Ignoring the poor

Poverty is on the rise, but the media is consumed with sniper attacks and rumors of war.


Arianna Huffington
October 17, 2002 11:15PM (UTC)

Pity the poor Democrats. They just can't get a break. At a time when the public is calling for the heads of corporate miscreants, you would have thought that the latest Census Bureau report on poverty and income would be great campaign fodder for Democrats.

"For the first time in eight years, the poverty rate rose," said Dick Gephardt on the floor of the House, but it fell upon the deaf ears of a public preoccupied with sniper attacks and rumors of war. But the statistics to come out of the report are staggering: The number of Americans living in poverty grew 1.3 million last year to 32.9 million, while the most affluent fifth of the population received half of all household income and the poorest fifth 3.5 percent.

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With the poor receding so rapidly in our rearview mirror, here are a few postcards from both edges of the abyss separating the "Let them eat cake" crowd from the faceless millions on the other side.

Upstairs: Former Kmart CEO Charles Conaway received nearly $23 million in compensation during his two-year tenure.

Downstairs: When Kmart filed for bankruptcy this year, 283 stores were closed and 22,000 employees lost their jobs. Total amount of severance pay for them: $0.00.

Upstairs: Former Tyco CEO Dennis Kozlowski made nearly $467 million in salary, bonuses and stock during his four years running the company into the ground.

Downstairs: Shareholders lost a massive $92 billion when Tyco's market value plunged.

Upstairs: The CEOs of 23 large companies under investigation by the SEC and other agencies earned 70 percent more than the average CEO, banking a collective $1.4 billion between 1999 and 2001.

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Downstairs: Between January 2001 and August 2002, the market value of these 23 companies nose-dived by over $500 billion, or roughly 73 percent. And since January 2001, these companies have laid off more than 160,000 employees.

Upstairs: In the year before Enron collapsed, about 100 executives and energy traders collected more than $300 million in cash payments from the company. More than $100 million went to former CEO Kenneth Lay.

Downstairs: After filing for bankruptcy, Enron lost $68 billion in market share, 5,000 employees lost their jobs, and Enron workers lost $800 million from their pension funds.

Upstairs: Wal-Mart CEO H. Lee Scott Jr. received more than $17 million in total compensation in 2001.

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Downstairs: Wal-Mart employees in 30 states are suing the company, alleging that managers forced employees to punch out after an eight-hour workday and then continue working for no pay. Never mind the Fair Labor Standards Act, which says employees who work more than 40 hours a week must be paid time and a half for their overtime.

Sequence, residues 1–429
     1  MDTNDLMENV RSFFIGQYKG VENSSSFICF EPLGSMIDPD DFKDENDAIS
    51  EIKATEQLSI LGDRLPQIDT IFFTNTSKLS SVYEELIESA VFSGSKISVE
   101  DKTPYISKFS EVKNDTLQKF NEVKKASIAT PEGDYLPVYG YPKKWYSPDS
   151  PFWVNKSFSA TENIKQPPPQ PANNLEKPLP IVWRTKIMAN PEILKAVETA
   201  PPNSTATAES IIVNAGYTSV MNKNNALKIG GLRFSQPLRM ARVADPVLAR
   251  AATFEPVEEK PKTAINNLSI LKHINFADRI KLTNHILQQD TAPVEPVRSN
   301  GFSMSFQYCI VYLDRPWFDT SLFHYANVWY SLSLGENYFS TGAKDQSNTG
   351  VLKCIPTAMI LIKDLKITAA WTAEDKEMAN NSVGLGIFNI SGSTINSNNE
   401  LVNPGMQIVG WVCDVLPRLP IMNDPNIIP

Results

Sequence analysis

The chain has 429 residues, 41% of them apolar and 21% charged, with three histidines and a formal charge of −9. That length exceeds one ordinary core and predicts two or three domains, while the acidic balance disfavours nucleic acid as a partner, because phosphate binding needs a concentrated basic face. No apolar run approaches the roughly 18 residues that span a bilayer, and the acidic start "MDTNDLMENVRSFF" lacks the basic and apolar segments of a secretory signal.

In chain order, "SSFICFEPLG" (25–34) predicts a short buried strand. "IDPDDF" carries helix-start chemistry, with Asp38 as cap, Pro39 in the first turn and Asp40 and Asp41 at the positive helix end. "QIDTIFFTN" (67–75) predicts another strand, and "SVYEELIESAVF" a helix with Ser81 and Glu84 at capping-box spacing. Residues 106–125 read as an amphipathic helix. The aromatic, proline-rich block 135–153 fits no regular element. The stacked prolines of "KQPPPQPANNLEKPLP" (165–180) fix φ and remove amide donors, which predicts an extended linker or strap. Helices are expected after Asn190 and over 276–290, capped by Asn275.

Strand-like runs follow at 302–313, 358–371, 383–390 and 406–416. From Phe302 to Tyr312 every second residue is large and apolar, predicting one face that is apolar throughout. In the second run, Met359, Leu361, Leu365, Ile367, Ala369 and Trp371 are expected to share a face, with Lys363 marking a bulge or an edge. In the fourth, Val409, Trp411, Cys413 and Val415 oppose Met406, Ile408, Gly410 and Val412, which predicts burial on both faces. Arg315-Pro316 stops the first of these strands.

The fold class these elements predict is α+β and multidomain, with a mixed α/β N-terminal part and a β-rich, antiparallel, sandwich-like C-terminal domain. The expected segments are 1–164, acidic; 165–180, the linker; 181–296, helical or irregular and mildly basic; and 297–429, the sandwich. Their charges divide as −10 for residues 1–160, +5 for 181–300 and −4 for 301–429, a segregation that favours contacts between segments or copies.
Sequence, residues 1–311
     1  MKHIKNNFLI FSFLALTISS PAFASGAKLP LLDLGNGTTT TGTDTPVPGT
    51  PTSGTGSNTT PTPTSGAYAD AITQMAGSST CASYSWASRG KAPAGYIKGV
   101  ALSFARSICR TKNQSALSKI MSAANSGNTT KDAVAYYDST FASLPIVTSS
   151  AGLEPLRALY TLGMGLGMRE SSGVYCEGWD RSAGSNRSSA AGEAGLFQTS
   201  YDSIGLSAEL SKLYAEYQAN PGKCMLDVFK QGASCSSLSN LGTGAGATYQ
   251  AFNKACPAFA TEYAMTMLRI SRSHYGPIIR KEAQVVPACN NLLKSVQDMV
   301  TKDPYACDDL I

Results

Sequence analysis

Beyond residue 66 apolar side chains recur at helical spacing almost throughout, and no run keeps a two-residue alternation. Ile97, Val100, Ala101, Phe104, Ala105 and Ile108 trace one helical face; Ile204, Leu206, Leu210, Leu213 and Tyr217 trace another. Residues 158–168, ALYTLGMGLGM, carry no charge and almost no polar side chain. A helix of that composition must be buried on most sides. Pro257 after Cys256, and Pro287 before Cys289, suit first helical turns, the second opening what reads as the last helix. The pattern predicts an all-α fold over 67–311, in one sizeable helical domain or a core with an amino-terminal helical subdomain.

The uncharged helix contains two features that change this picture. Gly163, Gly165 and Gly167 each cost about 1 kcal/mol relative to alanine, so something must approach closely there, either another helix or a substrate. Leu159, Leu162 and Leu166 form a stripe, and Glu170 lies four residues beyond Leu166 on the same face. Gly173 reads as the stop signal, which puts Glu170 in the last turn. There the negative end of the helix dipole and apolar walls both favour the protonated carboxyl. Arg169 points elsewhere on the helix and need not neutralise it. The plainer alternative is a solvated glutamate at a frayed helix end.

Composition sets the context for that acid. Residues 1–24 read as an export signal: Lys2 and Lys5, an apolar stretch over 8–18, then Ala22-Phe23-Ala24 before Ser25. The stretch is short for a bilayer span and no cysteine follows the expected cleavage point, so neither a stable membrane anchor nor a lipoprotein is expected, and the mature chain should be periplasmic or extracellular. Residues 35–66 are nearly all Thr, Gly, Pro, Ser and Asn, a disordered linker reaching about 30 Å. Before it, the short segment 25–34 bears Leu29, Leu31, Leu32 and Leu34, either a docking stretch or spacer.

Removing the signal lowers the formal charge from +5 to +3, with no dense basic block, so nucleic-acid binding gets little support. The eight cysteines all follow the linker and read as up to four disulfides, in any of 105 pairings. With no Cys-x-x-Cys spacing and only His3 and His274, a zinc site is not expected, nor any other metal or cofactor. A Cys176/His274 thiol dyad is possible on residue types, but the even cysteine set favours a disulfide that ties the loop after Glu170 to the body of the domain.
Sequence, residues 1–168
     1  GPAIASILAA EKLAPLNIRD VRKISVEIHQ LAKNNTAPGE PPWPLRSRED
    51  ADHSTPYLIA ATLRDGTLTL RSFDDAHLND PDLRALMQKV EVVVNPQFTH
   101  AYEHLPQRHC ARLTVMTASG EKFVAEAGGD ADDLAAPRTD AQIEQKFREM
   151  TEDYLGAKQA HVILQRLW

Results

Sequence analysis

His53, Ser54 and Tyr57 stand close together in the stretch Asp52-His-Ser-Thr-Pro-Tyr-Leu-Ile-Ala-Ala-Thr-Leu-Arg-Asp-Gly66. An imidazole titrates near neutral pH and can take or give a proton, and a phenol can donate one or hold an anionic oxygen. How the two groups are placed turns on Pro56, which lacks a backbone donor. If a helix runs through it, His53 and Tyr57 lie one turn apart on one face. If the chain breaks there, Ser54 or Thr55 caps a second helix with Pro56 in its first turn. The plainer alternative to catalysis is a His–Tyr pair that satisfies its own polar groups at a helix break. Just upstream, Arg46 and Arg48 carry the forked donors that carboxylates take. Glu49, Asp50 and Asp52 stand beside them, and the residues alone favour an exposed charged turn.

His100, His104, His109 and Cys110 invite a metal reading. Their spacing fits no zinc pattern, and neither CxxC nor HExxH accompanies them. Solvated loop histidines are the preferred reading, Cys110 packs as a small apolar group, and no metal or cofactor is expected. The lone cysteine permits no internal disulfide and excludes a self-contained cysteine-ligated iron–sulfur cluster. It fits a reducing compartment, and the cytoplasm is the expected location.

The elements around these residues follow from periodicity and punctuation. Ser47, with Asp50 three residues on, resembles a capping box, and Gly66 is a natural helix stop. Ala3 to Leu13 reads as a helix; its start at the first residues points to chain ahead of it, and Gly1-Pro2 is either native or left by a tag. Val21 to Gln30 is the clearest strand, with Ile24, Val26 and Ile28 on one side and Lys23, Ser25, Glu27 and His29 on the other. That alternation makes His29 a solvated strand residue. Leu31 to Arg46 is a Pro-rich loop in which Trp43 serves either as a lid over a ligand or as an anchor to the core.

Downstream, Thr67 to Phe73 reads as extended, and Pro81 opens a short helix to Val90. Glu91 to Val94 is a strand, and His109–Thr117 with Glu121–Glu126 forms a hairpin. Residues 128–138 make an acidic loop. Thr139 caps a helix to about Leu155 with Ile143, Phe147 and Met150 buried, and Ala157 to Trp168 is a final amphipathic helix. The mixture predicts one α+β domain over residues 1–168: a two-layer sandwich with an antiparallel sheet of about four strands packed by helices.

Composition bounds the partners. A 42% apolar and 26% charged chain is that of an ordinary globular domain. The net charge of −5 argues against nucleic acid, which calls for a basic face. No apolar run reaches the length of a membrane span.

Upstairs Penthouse A: Citigroup provided Enron with $8.5 billion in loans disguised as commodity trades. The deals allowed Enron to artificially inflate its cash flow and hide its debt, which deceptively boosted its share price and ultimately led to the company's collapse.

Upstairs Penthouse B: Citigroup offered hot initial public offering shares to WorldCom CEO Bernie Ebbers and other telecom giants in exchange for their investment-banking business. Ebbers is alleged to have made nearly $11 million on IPO shares sold to him by Citigroup.

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Downstairs: Citigroup agreed to pay $215 million in fines to the FTC to settle allegations of "predatory lending," loosely defined as mortgage lending that preys on customers, especially ones with bad credit, through abusive practices like deceptive marketing and inflated fees on unnecessary refinancings.

Upstairs: More than 1 million U.S. corporations and individuals have registered as citizens of Bermuda to avoid taxes, a practice OK'd by the IRS. Although the exact number is unknown, the IRS estimates that "tax-motivated expatriation" drains at least $70 billion a year from the U.S. Treasury.

Downstairs: If you were a worker poor enough to apply for the Earned Income Tax Credit in 2001, your chance of being audited was one in 47. If you made more than $100,000 a year, your chance of being audited was one in 208.

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Upstairs: The top 1 percent of stock owners hold 47.7 percent of all stocks.

Downstairs: The bottom 80 percent of stock owners own just 4.1 percent of total stock holdings.

Upstairs: In 2000, the average CEO earned more in one day than the average worker earned all year.

Downstairs: In 2000, 25 percent of U.S. workers earned less than poverty-level wages.

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Upstairs: Between 1990 and 2000, the average CEO's pay rose 571 percent.

Downstairs: Between 1990 and 2000, the average worker's pay rose 37 percent.

For more information about the disturbing disparity in wealth and privilege between the top 1 percent and the bottom 80 percent, open up the business section of your newspaper. Or, grab some cake and turn on Court TV.


Arianna Huffington

Arianna Huffington is a nationally syndicated columnist, the co-host of the National Public Radio program "Left, Right, and Center," and the author of 10 books. Her latest is "Fanatics and Fools: The Game Plan for Winning Back America."

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